In Canada, Dr. Jason Acker leads a cryobiology group at the University of Alberta in Edmonton. His group deals with the understanding of the biological response of cells to freezing and freeze-drying. Some of the European cryobiology groups are led by Dr. Yuriy Petrenko at the Institute of Experimental Medicine of the Czech Academy of Sciences in Prague, Dr. Alexandra Stolzing at the Loughborough University in the United Kingdom and Dr. Christiani A. Amorim at the Université Catholique de Louvain in Brussels, Belgium. In China, Prof. Gang Zhao leads a cryobiology group at the University of Science and Technology of China situated in Hefei.
Researchers tend to form and organize various societies to share ideas, communicate and connect, and so is the case in the field of cryobiology. The Society for Cryobiology was founded in 1964 in the United States, with Peter Mazur as one of the founding members, with the idea to bring together scientists from multiple disciplines, mainly chemistry, biology, physics, and engineering, to promote research on using low temperatures on biological material. Today it has more than 300 members from all over the world who regularly meet at the annual scientific meeting organized by the board directory. A more European-based cryopreservation society, the Society for Low Temperature Biology, was also founded in 1964 with the general purpose of promoting research into the effects of low temperatures on living organisms and their tissues, cells, and other components. In 2003, they also became a registered charity based in England and have more than 100 cryobiologists from several scientific branches today.
There was one research group that constantly kept popping up while I was researching the field of cryobiology, and it was at the University of Washington’s Center for Cryo-Biomedical Engineering and Artificial Organs, which was established in 2004 and led to this day by Professor Dayong Gao. The group mostly focuses on cryo-biomedical engineering and fundamental cryobiology, the interdisciplinary science and technology of artificial organs, and bio-instruments and micro-sensors for disease diagnostics. As the principal investigator of the world’s leading research group in cryobiology, Dr. Dayong Gao was elected as the President of the Society for Cryobiology. Throughout his career, Dr. Dayong Gao has published over 500 peer-reviewed scientific publications, and I was honored to interview him and two other members of his group, Professor Shen Ren and Professor Zhiquan (Andy) Shu, both of whom were previous Ph.D. students of Dr. Gao. For starters, I wanted to know how they see the position of their group in the cryobiology field today.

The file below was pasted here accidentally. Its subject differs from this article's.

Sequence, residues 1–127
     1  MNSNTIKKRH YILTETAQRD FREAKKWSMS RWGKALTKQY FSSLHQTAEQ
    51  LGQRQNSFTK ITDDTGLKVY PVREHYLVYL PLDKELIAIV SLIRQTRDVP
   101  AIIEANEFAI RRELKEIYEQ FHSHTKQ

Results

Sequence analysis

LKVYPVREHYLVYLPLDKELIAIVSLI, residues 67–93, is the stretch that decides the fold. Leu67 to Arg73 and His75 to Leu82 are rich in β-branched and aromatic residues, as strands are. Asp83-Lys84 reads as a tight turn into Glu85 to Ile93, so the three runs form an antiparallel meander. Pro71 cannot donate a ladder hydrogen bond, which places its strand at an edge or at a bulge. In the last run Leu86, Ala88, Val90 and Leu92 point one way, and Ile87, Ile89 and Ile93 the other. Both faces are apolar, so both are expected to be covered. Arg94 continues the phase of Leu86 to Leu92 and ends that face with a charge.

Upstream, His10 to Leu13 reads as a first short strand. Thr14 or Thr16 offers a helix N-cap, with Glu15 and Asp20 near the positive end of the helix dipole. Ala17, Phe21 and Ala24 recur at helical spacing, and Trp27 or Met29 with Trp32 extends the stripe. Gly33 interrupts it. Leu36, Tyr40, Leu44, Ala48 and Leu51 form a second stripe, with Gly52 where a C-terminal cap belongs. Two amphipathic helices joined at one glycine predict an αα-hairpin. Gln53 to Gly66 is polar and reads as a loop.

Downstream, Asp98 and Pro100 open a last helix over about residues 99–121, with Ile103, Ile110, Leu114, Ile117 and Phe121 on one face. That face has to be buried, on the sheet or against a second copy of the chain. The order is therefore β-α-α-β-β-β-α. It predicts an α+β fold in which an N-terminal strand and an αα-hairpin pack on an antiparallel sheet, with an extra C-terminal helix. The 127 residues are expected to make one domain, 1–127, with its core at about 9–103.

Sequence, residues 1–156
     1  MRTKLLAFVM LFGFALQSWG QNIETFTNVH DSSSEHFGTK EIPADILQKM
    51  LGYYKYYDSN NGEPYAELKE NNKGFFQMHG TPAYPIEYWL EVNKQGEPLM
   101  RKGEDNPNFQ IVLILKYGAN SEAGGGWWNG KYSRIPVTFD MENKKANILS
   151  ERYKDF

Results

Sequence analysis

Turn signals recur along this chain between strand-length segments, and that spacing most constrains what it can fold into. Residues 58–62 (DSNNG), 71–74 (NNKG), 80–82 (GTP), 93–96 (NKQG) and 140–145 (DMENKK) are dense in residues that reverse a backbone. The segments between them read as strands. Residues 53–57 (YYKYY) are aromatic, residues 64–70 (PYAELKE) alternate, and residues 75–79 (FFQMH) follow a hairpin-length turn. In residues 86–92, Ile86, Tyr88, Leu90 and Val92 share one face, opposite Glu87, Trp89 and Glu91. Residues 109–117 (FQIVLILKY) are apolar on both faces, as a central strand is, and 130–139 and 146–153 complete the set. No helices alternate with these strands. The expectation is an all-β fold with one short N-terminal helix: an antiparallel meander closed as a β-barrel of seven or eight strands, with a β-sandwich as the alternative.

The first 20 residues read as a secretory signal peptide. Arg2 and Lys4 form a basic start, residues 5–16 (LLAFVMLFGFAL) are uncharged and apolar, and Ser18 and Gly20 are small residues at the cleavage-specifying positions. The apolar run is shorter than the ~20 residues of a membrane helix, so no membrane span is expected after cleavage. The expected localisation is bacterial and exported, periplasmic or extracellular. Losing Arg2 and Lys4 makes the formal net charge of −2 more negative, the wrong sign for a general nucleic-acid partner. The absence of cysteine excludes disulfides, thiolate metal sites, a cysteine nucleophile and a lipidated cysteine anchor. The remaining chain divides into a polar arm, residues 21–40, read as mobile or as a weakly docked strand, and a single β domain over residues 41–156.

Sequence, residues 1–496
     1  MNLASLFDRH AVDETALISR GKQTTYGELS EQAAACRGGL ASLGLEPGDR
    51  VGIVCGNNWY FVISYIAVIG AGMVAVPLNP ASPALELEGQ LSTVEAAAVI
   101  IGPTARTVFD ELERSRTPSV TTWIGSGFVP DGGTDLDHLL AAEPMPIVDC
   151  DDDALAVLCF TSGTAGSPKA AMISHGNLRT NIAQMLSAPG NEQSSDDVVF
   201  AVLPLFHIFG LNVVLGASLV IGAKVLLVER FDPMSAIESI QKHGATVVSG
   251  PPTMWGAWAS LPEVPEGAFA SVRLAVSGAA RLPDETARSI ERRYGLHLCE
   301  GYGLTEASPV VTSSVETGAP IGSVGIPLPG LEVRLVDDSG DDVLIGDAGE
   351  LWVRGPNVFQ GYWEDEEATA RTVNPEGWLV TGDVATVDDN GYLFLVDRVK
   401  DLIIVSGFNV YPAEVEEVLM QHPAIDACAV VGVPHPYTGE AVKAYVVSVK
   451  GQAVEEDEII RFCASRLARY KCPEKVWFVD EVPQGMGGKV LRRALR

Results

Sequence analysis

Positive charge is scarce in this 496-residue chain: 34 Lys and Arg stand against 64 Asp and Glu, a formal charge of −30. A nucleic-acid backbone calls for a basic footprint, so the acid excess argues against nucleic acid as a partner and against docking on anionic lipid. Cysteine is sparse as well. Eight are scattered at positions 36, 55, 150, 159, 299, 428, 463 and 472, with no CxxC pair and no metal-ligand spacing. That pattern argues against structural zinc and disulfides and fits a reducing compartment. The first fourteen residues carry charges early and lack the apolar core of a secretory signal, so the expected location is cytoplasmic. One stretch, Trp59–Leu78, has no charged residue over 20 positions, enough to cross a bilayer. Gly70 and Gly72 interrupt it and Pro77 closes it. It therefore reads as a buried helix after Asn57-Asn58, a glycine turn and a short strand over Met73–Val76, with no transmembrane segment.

Alex: It seems the University of Washington’s Center for Cryo-Biomedical Engineering and Artificial Organs is the mega-hub for cryobiology. Everyone I talk to in the field of cryobiology points to the University of Washington as the “go-to” place in cryobiology and the top 3 places globally. How do you see its position and how does it compare to others in the field?